Tuesday, October 23, 2012

The Confessions of a Shopaholic by Sophie Kinsella

The first one in the Shopaholic series. I was not disappointed by the book as I was not expecting much in the first place.

Rebecca(Becky) Bloomwood is a financial journalist with zero interest in finance and one hundred percent interest in shopping. She is in debt thanks to her addiction to shopping. But this does not stop her from shopping for more designer clothes, cosmetics and homeware. As her credit card bills amount to thousands of pounds she tries to cut back her spending but is not able to do so. For example when Becky tries to make her own curry to cut back her food expenses, she ends up buying a lot of new things like a recipe book, a spice grinder and lots of spices.
 Her attempt to make more money also does not work out as planned.  Now what will Becky do as her bills mount up and she has to somehow avoid a meeting with the bank manager?

This is a simple, humorous, well-written book. Do I want to read the sequels? I don't think so!  3 out of 5.

Trivia: This novel was initially published as The Secret Dreamworld of a Shopaholic.

Wednesday, October 3, 2012

Chanakya's Chant by Ashwin Sanghi

I lost my interest in national best-sellers after reading a certain best-seller, so I was a liitle hesitant to start reading this novel. Surprisingly, this was a good read.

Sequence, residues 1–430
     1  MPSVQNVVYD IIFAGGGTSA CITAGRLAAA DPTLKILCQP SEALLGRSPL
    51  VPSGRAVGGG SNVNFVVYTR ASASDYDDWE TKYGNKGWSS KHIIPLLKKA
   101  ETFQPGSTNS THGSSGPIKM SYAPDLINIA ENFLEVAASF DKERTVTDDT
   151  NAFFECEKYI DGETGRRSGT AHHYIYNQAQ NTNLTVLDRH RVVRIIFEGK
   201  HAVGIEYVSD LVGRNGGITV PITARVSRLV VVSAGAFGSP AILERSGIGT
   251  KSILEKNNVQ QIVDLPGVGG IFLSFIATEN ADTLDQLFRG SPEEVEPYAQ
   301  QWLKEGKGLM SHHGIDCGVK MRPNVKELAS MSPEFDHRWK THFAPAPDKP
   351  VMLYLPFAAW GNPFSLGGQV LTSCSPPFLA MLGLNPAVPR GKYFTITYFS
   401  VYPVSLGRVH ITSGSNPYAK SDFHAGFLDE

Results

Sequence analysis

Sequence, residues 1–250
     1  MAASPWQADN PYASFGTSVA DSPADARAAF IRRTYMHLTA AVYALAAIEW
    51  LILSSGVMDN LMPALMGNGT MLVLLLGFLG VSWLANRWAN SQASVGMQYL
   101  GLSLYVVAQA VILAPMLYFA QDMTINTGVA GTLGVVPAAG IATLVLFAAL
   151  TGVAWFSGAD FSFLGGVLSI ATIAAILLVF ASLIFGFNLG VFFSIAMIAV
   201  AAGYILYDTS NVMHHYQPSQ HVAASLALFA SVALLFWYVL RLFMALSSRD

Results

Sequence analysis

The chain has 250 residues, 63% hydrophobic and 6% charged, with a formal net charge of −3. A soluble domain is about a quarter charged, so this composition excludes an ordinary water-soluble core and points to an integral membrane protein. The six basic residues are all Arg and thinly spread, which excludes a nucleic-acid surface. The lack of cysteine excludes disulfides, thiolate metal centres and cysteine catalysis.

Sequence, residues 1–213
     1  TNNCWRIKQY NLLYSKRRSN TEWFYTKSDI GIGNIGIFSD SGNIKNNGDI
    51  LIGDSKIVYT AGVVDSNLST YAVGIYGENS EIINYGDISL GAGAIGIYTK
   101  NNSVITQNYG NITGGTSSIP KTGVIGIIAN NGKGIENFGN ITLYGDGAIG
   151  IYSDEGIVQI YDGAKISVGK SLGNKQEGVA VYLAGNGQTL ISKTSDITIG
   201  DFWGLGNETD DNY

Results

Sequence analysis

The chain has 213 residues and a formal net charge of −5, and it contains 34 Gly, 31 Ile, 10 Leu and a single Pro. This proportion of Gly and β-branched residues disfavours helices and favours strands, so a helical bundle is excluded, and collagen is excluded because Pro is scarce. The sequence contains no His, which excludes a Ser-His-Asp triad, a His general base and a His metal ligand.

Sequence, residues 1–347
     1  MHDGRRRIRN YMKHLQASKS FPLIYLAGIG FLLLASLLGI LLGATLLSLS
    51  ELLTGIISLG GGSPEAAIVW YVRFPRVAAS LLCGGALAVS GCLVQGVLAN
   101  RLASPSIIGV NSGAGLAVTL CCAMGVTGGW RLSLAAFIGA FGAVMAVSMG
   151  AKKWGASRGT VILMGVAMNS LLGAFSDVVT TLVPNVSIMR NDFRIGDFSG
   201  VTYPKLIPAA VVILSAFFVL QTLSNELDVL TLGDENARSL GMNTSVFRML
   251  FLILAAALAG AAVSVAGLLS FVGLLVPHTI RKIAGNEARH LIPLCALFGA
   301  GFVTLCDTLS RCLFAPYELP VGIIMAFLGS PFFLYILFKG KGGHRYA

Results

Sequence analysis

The novel tells the tales of two king-makers, one named Chanakya, who lived during 300 BC, the other one named Gangasagar Mishra living in the present day in Uttar Pradesh. Both of them are shrewd and cunning, and do not hesitate to deviate away from set moral standards to achieve their goal. Chanakya masterminded the ascent of Chandra Gupta Maurya as the emperor of Bharat whereas Gangasagar is set on making Chandni, a former slum kid, the prime minister of India. The narrative moves back and forth between the two timelines, drawing parallels between the plots used by the two king-makers who lived centuries apart. 

Sanghi mixes mythology, politics and history well in Chanakya's Chant to give us a fast-paced thriller. Chanakya's story is supposed to be based on historical facts with a little amount of fiction added to it. The author has used one-liners from many other sources but also has acknowledged them at the end of the book. Overall, Chanakya's Chant is a well researched and well written thriller.

A good read, 4 out of 5.

Trivia : Ashwin Sanghi originally published his first novel under the pseudonym Shawn Haigins.